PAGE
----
Thursday, December 14, 2006

Snapshots of a Demented Regime (UPDATED; see the last item)

One difference between a genuinely totalitarian ruling elite and criminal cliques of the sort that run more ordinary governments is this: Totalitarians display a thoroughgoing ignorance of basic human nature coupled with a demented belief in the State's ability to re-arrange reality by decree.

On this basis it's clear that the people who rule us fall squarely into the totalitarian camp. By way of illustration, I offer the following examples.

The Mint's Melt-down Mendacity

The Regime's Department of Counterfeiting and Fraud, more commonly known as the U.S. Mint, “has implemented an interim rule that makes it illegal to melt nickels and pennies, or to export them in mass quantities,” reports ABC News. Those who violate this bureaucratic enactment – which is facially unconstitutional, since only Congress has the authority to enact national legislation – are subject to a $10,000 fine, up to five years in prison, or both.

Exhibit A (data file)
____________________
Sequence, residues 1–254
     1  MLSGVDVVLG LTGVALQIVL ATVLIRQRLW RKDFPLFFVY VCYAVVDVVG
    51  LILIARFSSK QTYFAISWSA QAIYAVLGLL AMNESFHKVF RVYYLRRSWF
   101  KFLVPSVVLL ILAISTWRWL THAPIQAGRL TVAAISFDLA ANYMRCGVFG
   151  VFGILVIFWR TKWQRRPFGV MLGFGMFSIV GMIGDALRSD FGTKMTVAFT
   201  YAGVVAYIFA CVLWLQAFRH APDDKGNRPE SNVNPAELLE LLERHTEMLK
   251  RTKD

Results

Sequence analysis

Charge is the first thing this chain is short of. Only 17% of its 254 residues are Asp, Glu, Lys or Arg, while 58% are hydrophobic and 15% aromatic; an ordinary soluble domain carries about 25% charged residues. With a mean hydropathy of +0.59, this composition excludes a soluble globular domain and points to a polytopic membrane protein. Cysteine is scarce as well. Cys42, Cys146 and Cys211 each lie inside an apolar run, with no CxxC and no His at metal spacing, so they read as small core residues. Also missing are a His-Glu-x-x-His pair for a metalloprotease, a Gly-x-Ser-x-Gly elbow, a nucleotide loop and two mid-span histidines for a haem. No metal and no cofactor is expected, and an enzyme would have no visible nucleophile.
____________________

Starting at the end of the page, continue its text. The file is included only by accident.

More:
The Regime has removed every trace of precious metal from its coinage. At present, only the nickel and pre-1983 penny contain anything of value. As the Regime debases the value of its official currency, the market value of the metal used in nickels and pennies has soared, which means that the penny at present is worth 1.73 cents, and the nickel 8.34 cents.

Earlier this year, the U.S. Mint claimed that it had received “numerous inquiries” about the use of the Liberty Dollar, a gloriously lustrous, privately circulated silver coin (or negotiable storage receipts backed by gold and silver and accepted by various merchants as an instrument of barter). As I reported in a previous installment, the Mint claims that the use of gold and silver in private, voluntary transactions is a form of “forgery” and “counterfeiting.”